It isn’t often we find a new primary source, with new material. The Akhbar-i Moghulan by Qutb al-Din Shirazi (1236-1311) is a collection of historical notes, discovered in a miscellany of papers and first published in Qum, Iran, 2009. George Lane has put out an annotated translation, available cheaply in ebook.
The work opens with a single episode chosen from the life of Chinggis Khan, at the muddy waters of Baljuna where Chinggis was in the trough of his fortunes. Legends and variant stories grew up around Baljuna, and the Akhbar-i Moghulan has one we have not heard before. The text runs:
Early accounts of Temujin record events in Wadi Baljuna, which is close to the lands of the Chinese. His followers had gone without food for a few days, when one amongst them succeeded in shooting down a desert sparrow. The bird was cooked and then it was presented to their leader. Temujin ordered that the bird be divided equally into seventy portions, and from that he took his own share that was no larger than any of the other portions. It was because of his willingness to share the tribulations of his men and because of his righteousness that people became his devotees and followers and were prepared to surrender their souls to him.
In his notes Lane says, ‘This episode recounting the magical feeding of the seventy is mentioned in no other source’. Lane has also written the entry for this work in the online Encyclopaedia Iranica, where he is more explicit on the ‘magical’ nature of the feeding:
The one anecdote concerning Čengiz Khan portrays the Great Khan in an almost biblical light, magically distributing the meager rations between his beleaguered faithful in the valley of Baljuna, dividing the meat of one desert sparrow among seventy and “from that sharing and righteousness the people became devotees and followers, and towards him they surrendered their souls”.
By ‘biblical’ he obviously means miracles where Jesus feeds a crowd with five loaves and two fishes, that multiply.
Until I came to Lane’s annotations, I took the division of the sparrow to be an exaggerated/impossible rendition of a concern for equal shares of food (and other stuff). In Against Walls I wrote:
Luxury clothes and clothes-stuffs were a major item of trade, the major, if not the one and only item coveted by nomads that they do not make. It is lightweight wealth, easy to circulate, and infinitely divisible. A strip, a shred of cloth, sumptuous and opulent, can be sewn onto one’s felts and furs – as a sheep can feed an army if you have an army to feed. And the cutting-up thereof, and the counting-out of mutton inches, has a quasi-religious care and solemnity seen otherwise in apportionment of spoils.
I have only the translation to base on, but I think it might be either: an impossible but not miraculous splitting of a sparrow, so that seventy people each get a shred, or a tribute act to Jesus with the loaves and fishes.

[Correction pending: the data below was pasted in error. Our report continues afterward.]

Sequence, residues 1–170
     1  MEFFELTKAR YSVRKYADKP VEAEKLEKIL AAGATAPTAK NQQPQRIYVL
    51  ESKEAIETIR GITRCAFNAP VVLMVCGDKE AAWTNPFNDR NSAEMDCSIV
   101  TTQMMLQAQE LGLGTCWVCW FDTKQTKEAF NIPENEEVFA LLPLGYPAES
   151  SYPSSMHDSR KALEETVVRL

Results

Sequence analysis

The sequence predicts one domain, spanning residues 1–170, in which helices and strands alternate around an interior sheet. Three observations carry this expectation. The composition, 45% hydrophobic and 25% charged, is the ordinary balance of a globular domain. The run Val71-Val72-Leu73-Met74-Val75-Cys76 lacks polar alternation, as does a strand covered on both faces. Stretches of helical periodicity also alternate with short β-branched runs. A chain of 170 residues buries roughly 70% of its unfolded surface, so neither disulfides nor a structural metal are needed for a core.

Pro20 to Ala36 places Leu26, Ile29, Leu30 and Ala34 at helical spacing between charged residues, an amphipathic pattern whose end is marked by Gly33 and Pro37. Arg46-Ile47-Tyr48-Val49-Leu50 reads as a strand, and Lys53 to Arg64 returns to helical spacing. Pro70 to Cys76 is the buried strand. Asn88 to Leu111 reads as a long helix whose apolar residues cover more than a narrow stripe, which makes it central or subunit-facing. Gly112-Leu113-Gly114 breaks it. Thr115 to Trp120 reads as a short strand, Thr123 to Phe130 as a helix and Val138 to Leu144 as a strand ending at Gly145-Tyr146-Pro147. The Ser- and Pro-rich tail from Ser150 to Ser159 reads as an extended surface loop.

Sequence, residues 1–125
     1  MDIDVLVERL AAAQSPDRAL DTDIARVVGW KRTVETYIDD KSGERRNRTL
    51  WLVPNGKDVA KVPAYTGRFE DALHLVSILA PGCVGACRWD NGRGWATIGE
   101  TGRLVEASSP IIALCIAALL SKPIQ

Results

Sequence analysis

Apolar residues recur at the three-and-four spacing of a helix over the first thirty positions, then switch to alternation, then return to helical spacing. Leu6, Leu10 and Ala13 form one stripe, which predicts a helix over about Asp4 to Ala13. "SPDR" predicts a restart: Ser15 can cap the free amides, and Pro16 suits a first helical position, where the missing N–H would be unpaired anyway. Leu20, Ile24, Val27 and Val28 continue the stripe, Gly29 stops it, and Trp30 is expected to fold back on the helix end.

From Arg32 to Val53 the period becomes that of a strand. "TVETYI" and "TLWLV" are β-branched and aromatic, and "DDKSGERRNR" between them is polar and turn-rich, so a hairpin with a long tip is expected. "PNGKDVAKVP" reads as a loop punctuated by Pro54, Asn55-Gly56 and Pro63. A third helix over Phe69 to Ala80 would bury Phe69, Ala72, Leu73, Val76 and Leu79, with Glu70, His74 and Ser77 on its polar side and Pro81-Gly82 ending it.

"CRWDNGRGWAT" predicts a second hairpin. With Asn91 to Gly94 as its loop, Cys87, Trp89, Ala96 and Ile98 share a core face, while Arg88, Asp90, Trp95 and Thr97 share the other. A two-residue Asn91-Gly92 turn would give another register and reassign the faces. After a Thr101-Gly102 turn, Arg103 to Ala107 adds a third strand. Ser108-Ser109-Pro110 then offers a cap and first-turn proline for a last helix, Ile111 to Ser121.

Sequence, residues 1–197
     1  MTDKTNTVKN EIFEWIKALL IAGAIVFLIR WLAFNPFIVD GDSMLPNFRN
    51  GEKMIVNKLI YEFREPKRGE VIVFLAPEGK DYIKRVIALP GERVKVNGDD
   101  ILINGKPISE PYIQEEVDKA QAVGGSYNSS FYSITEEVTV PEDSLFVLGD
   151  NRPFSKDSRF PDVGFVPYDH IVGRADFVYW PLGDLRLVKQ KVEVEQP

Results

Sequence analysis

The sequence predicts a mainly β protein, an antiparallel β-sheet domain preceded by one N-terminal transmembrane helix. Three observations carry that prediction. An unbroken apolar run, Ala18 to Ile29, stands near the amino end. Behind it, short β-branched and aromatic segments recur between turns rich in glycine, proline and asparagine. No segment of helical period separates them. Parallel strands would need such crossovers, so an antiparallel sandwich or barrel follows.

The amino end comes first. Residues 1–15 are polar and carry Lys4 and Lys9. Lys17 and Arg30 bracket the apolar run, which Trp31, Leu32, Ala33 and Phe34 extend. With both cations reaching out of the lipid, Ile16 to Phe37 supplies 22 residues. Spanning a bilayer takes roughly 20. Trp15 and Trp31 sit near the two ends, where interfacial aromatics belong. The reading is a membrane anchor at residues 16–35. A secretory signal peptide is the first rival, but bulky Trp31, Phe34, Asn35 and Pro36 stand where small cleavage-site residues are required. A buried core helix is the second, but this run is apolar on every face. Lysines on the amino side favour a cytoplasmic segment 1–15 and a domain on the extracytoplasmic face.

I do Jesus tribute in my portrait of Temujin. On the way to Baljuna, at the bottom of his fortunes, Temujin offers to give himself up to an obsessed enemy, and have his head cut off on terms that save his people. Bo’orchu answers him that the enemy wants to ruin Temujin’s image, not help him to a grand self-sacrifice: ‘He wants to expose the effigy for a scruffy rag of felt. He doesn’t want Yesus Christ’.
At Baljuna, on the theme of fairness with food, I tell a variant story of Central Asian traders who arrive with sheep for sale. In his destitute state Temujin can’t pay for the sheep, but he stakes his life to the wary traders that his starving followers won’t steal.
“I see you fear my troops. For that you have no cause. They are hungry, but we won’t rob traders.”
“No insult, Your Majesty. Hungry troops have stomach for strong action. Hungry troops we know.”
He was insulted, nevertheless. “Mine you do not. I’ll be your hostage. Water your sheep, and if a sheep of yours is butchered by my troops, you can truss and butcher me.”
They hovered between a smile and another curtsy. “That… is an extreme guarantee.”
“It is nothing, for my life is in my soldiers’ hands, quite aside from the matter of your sheep. Robbery I won’t have in my army, and these, as you can see, have proved fast to me in my misfortunes. The fettle they are in – their gruesome visage – is the badge of their integrity and not a sign that they are rogues.”
On this promise the traders stay, since they need the water at Baljuna too, and Temujin has time for a charm campaign. He refuses to join them in a sheep feast with his officers, but instead sends his several amputees from their recently lost battle to eat a sheep. In the end the traders are impressed enough to give the flock of sheep to Temujin, and expect payment when his fortunes rise. They tell him this decision through a story about their Prophet Muhammad.